Can anyone explain me what is a Ramsey Graph with a simple example? What are its properties?

closed as offtopic by Ricardo Andrade, David White, Daniel Moskovich, Chris Godsil, Jack Huizenga Dec 1 '13 at 4:58
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The form in which you might be familiar with the result is this:
One can then try to determine the smalles such $n$ and this is the respective Ramsey number. Now, you can rephrase this problem not as coloring problem but like so:
The complement of the graph is precisely the graph with those edges not present in the original graph. In other words, if you color, consider the graph just formed by the red edges, the complement will be the grpah with the blue edges. Still differently, one says a graph contains a clique of size $r$ if it contains a complete subgraph of that size. Conversely, one says it contains an independent set of size $b$ if there is a set of vertices size $b$ with no edges among these vertices. (In other words in the complement this will be a clique.) So, one can also state the result above in the form:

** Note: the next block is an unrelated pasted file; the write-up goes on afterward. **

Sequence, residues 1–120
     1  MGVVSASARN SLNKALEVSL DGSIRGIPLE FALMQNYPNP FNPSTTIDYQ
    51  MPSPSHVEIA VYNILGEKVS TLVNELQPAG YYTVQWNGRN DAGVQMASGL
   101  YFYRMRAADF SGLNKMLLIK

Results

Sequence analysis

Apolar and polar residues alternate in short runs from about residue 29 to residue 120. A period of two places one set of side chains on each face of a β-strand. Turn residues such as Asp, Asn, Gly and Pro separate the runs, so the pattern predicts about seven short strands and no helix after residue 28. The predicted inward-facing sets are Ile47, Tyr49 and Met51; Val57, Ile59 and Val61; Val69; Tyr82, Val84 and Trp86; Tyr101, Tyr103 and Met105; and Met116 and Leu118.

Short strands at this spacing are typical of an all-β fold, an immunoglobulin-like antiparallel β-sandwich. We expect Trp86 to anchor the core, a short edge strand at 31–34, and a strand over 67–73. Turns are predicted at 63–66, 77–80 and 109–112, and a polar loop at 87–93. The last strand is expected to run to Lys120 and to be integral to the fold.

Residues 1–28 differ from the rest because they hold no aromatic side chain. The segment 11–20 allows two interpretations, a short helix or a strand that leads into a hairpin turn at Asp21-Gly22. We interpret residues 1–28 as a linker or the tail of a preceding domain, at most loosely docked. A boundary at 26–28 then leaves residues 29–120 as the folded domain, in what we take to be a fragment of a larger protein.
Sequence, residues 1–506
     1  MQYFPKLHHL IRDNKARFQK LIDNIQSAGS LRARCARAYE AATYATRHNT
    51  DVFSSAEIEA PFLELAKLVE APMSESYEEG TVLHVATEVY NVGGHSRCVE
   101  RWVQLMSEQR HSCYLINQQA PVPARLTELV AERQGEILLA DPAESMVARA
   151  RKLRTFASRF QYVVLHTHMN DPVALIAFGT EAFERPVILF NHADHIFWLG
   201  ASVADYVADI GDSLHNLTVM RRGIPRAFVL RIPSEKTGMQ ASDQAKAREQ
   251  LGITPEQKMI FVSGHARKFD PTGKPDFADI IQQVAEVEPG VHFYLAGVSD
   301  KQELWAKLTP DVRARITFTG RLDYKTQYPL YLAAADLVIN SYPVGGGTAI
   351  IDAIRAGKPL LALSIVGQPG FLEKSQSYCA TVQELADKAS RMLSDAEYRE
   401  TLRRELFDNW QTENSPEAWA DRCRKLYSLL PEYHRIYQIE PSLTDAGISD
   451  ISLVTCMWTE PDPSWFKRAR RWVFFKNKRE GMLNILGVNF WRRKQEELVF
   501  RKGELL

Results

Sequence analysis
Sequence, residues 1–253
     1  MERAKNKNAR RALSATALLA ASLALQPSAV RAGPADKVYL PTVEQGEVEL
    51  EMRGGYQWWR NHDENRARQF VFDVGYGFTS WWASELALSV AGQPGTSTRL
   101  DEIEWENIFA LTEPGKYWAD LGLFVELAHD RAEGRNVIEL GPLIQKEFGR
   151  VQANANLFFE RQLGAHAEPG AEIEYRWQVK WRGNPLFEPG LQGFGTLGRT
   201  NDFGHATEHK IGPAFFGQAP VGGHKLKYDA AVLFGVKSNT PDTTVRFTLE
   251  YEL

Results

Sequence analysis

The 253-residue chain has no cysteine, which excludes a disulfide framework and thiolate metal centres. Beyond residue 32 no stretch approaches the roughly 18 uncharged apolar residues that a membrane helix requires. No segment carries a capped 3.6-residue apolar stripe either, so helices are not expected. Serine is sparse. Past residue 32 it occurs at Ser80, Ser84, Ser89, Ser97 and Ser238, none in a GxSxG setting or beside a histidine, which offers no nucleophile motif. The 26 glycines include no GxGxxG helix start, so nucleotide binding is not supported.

Now, this result in particular implies that, given $(r,b)$ there are only a finite number of graphs that do not have a clique of size $r$ or an independent set of size $b$. Such a graph is then called a Ramsey graph for the respective parameters, and sometimes the number of vertices of the graph is given as additional parameter. So, a Ramsey graph (with certain parameters) is an example of a graph were what is implied by the respective Ramsey theorem (for sufficiently large graphs) does not hold true.
(Of course its number of vertices thus is smaller than the relevant Ramsey number.